In the CBA agreement, doctors in Job Group M, N and P were entitled to Sh72,000 in emergency call allowances and Sh80,000 while they were to be paid an extraneous allowance of Sh30,000 and Sh20,000 risk allowance.

The judge directed the government to implement the CBA and to return to court within 60 days. This never happened and it prompted push and pull between the government and the medical workers.

When the Kenya Kwanza administration came into power, KMPDU started pushing for the implementation of the 2017 CBA and this saw Cabinet Secretary for Health Susan Nakhumicha, on January 6, 2023 together with Nairobi governor Johnson Sakaja sign a plan of implementation of the CBA. Sakaja signed the document in his capacity as the Labour chairperson at the Council of Governors.

It was after claims that the government had started implementing the agreement that KMPDU embarked on verification of the same and after asking the CoG to provide them with proof, they found out that their data had some of their members’ names, including Attela’s, missing.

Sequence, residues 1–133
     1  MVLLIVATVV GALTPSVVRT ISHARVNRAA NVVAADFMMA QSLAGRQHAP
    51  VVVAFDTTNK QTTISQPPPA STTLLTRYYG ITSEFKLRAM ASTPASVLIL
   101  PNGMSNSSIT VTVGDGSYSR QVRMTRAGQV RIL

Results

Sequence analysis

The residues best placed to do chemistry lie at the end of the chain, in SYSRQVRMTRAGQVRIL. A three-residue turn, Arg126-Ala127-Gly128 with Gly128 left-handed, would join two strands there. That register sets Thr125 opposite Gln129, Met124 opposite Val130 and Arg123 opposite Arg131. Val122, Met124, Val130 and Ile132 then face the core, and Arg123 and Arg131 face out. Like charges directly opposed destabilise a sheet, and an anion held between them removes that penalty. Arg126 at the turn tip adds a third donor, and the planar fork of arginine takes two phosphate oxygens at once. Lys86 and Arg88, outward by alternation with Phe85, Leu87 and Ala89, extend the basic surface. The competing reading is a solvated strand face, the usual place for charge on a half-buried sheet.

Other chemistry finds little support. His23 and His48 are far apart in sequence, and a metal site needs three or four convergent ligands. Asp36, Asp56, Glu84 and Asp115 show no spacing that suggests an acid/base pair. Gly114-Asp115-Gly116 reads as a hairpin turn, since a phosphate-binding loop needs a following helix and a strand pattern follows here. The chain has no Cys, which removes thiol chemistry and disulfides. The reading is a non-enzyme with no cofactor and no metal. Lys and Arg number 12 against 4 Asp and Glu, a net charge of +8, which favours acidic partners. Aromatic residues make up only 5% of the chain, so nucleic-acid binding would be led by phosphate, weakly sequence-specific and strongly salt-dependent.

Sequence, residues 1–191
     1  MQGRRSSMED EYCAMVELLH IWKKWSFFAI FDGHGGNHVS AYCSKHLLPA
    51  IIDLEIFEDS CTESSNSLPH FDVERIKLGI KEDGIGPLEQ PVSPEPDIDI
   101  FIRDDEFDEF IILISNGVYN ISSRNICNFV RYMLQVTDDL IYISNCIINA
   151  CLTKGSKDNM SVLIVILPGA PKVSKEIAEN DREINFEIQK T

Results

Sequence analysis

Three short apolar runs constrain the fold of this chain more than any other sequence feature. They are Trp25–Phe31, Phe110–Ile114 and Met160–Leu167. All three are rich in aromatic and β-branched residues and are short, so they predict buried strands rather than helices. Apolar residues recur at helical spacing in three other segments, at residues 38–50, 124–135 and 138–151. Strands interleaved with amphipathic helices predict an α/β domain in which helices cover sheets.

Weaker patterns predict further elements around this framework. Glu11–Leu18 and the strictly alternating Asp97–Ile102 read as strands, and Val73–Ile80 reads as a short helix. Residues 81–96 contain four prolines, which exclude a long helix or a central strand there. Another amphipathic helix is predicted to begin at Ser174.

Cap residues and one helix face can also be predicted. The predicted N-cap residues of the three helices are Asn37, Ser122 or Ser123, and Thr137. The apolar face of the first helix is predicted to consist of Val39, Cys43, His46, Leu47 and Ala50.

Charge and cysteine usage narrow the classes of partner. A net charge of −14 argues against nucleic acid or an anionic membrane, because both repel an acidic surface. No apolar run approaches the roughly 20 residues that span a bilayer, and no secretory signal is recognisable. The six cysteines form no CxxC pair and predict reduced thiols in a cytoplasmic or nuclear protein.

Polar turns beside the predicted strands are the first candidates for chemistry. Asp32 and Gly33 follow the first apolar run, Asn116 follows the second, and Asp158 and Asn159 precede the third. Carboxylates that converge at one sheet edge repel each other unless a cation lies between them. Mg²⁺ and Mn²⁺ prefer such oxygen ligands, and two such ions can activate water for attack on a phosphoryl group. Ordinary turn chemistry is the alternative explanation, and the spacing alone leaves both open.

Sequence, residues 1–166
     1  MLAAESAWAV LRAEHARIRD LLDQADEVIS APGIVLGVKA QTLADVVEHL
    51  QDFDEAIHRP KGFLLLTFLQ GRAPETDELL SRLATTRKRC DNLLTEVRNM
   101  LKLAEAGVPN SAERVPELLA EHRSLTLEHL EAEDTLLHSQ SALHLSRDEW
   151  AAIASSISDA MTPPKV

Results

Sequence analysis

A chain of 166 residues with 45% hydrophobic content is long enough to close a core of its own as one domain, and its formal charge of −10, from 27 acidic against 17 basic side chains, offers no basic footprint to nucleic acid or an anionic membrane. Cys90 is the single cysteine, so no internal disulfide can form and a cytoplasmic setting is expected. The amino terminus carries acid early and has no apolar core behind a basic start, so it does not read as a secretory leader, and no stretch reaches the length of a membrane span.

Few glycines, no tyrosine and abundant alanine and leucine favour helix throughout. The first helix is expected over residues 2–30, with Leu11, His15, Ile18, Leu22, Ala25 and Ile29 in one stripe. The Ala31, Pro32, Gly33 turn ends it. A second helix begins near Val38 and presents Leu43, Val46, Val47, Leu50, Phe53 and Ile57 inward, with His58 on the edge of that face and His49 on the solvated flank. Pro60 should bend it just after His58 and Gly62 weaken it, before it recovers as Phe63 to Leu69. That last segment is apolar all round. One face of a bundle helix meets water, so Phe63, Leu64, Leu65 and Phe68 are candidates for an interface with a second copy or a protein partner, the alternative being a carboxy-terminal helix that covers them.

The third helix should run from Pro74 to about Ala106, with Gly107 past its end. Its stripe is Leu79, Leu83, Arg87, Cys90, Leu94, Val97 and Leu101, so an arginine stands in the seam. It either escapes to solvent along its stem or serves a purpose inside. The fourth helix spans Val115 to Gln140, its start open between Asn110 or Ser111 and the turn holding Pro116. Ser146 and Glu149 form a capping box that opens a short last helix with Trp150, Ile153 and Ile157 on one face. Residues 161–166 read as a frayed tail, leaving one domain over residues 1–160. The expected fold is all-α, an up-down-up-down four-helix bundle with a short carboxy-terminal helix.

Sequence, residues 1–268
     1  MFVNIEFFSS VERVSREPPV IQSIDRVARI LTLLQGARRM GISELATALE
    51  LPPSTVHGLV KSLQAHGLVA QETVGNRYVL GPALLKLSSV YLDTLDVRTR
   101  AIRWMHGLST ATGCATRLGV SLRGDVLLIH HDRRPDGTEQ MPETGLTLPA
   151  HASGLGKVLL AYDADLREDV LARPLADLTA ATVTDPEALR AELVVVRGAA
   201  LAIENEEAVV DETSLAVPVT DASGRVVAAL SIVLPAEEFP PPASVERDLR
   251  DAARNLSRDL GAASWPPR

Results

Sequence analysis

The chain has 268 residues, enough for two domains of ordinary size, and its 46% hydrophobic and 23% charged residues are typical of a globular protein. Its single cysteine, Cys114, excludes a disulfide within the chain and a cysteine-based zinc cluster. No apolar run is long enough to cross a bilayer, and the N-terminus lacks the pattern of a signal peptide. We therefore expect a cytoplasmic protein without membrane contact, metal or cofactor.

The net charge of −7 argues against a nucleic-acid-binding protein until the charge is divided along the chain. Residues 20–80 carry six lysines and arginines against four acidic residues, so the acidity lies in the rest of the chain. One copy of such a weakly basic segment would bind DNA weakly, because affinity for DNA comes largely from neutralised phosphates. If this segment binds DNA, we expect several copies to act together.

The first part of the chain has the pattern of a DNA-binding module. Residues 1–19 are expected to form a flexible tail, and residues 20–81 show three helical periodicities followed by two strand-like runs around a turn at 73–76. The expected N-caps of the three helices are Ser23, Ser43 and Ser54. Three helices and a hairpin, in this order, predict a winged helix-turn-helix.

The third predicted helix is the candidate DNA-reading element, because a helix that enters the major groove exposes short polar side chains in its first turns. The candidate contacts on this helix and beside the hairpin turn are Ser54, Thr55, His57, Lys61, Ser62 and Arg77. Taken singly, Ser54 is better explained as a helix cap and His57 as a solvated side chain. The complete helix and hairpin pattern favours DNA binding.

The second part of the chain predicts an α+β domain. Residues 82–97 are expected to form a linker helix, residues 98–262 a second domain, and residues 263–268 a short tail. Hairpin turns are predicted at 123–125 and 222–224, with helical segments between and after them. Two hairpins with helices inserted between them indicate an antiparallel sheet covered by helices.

“We turned to Integrated Payroll and Personnel Database (IPPD) where we analysed the data for the better part of the year and we finished in October which indicated that government owes us Sh3.5 billion in arrears of salaries between 2017 to date and which we maintain must be remitted to us before resuming work,” said Miskella.

The behind-the-curtains negotiations kicked off and on October 16, last year the KMPDU met the Kenya Health Human Resource Advisory Council (KHHRAC) that had been inaugurated in June with the mandate of tackling pressing challenges faced by the healthcare workforce through its strategic focus areas, including postgraduate training for medical professionals, facilitating transfers, creating a framework for internships and subsequent employment, prioritising staff welfare, and promoting the sharing of specialised expertise.